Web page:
We’re so thrilled today to welcome Tera to our contributor team! Today she’s sharing a gorgeous closet and a super easy DIY jewelry hanger, and you’ll just LOVE her style! Be sure to go check out her site and follow her there!
Hi, I’m Tera of Tera Janelle Design. I’m so excited to be joining the Remodelaholic team! I’m a designer, photographer, and list-loving woman who adores sweet potato pancakes and a good country song. I have the incredible honor to partner with clients of all budgets, walks of life, and design styles to create homes they love!living room and dining room and an awesome $85 refresh of their kitchen. When they told me they were expecting their first child and were anxious to remodel their master bedroom before baby arrived, I couldn’t wait!
The Design Plan
- Create storage
- Overhaul a neglected end of the room to create a walk-in closet
- Blend the colorful, shabby-chic design style of Audrey with the more neutral, casual style of Dave
- Bring in additional light
- Keep the beautiful patina of the painted wood floors
- Build-in additional character
- Display mementos throughout
The bedroom was big! Not mansion big, but for a little cape cod, the bedroom was sporting some serious square footage. But for all that square footage, there was a teeny tiny closet – we’re talking 2′ wide by 4′ deep teeny. They had made-do by relying on the closet in the spare bedroom, which wasn’t much larger in size. But with baby on the way, that closet was soon to be claimed by baby clothes and baby stuff galore. It was time these soon-to-be-parents had their own closet!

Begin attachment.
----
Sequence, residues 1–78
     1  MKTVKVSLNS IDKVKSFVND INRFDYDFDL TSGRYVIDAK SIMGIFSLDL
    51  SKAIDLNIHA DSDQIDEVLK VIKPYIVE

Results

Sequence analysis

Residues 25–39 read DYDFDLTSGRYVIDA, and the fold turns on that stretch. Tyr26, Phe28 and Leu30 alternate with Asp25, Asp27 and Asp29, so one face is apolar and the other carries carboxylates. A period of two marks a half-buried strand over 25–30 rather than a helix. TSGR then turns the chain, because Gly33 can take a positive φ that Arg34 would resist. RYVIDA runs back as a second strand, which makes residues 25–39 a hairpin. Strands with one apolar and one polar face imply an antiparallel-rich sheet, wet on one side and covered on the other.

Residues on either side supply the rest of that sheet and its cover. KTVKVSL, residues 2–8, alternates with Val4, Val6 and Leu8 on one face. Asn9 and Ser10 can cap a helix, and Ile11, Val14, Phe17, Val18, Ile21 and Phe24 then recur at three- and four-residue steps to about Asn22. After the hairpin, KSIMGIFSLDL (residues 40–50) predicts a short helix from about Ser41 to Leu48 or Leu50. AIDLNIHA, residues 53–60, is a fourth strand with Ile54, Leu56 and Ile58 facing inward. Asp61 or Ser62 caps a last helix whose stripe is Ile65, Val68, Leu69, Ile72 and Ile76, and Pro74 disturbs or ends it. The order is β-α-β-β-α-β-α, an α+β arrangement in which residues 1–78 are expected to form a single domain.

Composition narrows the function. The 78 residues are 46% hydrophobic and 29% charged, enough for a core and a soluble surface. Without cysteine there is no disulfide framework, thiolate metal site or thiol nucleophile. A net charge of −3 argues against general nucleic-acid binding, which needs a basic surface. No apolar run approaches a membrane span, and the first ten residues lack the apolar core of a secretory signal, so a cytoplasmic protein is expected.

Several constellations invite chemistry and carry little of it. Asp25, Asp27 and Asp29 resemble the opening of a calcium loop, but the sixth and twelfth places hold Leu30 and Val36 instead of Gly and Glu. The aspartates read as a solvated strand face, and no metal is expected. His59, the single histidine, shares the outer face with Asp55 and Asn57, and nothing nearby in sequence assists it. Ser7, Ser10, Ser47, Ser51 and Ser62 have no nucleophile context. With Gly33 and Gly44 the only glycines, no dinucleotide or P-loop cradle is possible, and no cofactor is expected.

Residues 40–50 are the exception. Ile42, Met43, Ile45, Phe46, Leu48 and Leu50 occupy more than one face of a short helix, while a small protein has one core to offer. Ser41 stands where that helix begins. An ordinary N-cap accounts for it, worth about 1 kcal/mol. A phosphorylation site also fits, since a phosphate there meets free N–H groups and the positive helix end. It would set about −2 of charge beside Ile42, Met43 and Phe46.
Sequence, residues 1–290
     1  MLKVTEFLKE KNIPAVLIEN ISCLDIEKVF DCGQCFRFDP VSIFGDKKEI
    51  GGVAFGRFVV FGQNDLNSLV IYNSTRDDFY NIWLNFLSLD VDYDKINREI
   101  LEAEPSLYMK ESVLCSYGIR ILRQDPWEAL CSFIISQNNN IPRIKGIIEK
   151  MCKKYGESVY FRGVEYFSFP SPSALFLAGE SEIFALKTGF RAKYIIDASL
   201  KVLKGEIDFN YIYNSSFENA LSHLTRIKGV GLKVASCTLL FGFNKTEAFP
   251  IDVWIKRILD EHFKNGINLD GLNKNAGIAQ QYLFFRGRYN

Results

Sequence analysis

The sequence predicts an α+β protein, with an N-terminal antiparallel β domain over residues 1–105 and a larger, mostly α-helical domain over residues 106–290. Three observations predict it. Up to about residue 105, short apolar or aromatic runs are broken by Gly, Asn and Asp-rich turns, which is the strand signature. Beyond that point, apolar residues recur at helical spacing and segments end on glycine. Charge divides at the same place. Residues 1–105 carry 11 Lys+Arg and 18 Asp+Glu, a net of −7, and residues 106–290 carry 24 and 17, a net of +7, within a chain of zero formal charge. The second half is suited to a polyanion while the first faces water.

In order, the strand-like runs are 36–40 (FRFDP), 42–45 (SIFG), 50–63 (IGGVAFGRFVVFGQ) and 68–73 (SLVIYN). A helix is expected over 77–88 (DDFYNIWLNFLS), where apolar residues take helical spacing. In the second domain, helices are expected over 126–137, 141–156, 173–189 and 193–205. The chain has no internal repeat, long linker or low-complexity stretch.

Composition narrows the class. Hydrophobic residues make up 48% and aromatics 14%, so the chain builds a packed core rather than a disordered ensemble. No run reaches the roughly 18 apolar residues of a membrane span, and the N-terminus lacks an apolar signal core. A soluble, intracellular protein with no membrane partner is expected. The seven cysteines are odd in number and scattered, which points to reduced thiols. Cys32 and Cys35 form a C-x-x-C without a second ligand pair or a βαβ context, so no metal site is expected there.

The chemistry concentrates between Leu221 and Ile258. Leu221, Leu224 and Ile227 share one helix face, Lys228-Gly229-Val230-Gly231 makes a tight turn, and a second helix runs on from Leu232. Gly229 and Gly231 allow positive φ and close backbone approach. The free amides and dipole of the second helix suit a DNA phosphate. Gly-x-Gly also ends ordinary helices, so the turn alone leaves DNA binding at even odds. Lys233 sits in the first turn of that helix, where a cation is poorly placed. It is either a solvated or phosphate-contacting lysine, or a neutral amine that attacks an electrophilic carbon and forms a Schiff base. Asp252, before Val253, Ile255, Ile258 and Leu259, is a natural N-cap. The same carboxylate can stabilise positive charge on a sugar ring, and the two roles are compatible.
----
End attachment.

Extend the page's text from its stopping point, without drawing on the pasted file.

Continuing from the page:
So we added a wall to this neglected end of the room to create a spacious walk-in-closet. We added pocket door hardware during the framing, and Audrey and I visited an architectural salvage shop to source this antique door. It reflects the sense of character Audrey loves and the door’s simple paneling reflects Dave’s casual style. The door’s glass allows the light from the window to carry throughout the room, but the pocket door provides a sense of separation from the rest of the bedroom. (Door color: Benjamin Moore “Charlotte Slate”)
The door was without hardware when we bought it, so we found an antique doorknob and plate at the same salvage shop. There were a whole variety of ornate, carved knobs to choose from, but as with the door, we kept the door knob and plate simple to play to Dave’s style. The door knob and plate have gained patina with time, and there’s evidence of stray paint from the years. But that sense of age and story is exactly what Audrey loves, so rather than stripping it back, we left the hardware exactly as is. It’s the perfect blend of Dave + Audrey.